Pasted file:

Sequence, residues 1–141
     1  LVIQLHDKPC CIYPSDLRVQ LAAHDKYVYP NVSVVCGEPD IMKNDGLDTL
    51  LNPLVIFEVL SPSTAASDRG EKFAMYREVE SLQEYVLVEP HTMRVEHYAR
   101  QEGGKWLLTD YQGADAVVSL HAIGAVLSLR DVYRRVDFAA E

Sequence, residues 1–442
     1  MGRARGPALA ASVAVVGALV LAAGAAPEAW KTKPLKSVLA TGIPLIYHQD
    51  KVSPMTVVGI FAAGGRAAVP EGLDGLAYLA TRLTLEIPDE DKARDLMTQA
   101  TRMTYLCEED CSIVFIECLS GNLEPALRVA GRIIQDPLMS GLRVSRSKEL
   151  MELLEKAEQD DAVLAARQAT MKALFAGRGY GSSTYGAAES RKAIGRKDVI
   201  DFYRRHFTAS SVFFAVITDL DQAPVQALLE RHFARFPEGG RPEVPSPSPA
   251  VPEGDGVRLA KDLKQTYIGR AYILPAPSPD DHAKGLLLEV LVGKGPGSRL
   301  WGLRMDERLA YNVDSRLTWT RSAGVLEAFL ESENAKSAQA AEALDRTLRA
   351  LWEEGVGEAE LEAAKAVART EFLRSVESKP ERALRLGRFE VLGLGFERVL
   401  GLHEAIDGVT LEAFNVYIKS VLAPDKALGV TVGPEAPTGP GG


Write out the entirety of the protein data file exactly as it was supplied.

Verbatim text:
Sequence, residues 1–141
     1  LVIQLHDKPC CIYPSDLRVQ LAAHDKYVYP NVSVVCGEPD IMKNDGLDTL
    51  LNPLVIFEVL SPSTAASDRG EKFAMYREVE SLQEYVLVEP HTMRVEHYAR
   101  QEGGKWLLTD YQGADAVVSL HAIGAVLSLR DVYRRVDFAA E

Sequence, residues 1–442
     1  MGRARGPALA ASVAVVGALV LAAGAAPEAW KTKPLKSVLA TGIPLIYHQD
    51  KVSPMTVVGI FAAGGRAAVP EGLDGLAYLA TRLTLEIPDE DKARDLMTQA
   101  TRMTYLCEED CSIVFIECLS GNLEPALRVA GRIIQDPLMS GLRVSRSKEL
   151  MELLEKAEQD DAVLAARQAT MKALFAGRGY GSSTYGAAES RKAIGRKDVI
   201  DFYRRHFTAS SVFFAVITDL DQAPVQALLE RHFARFPEGG RPEVPSPSPA
   251  VPEGDGVRLA KDLKQTYIGR AYILPAPSPD DHAKGLLLEV LVGKGPGSRL
   301  WGLRMDERLA YNVDSRLTWT RSAGVLEAFL ESENAKSAQA AEALDRTLRA
   351  LWEEGVGEAE LEAAKAVART EFLRSVESKP ERALRLGRFE VLGLGFERVL
   401  GLHEAIDGVT LEAFNVYIKS VLAPDKALGV TVGPEAPTGP GG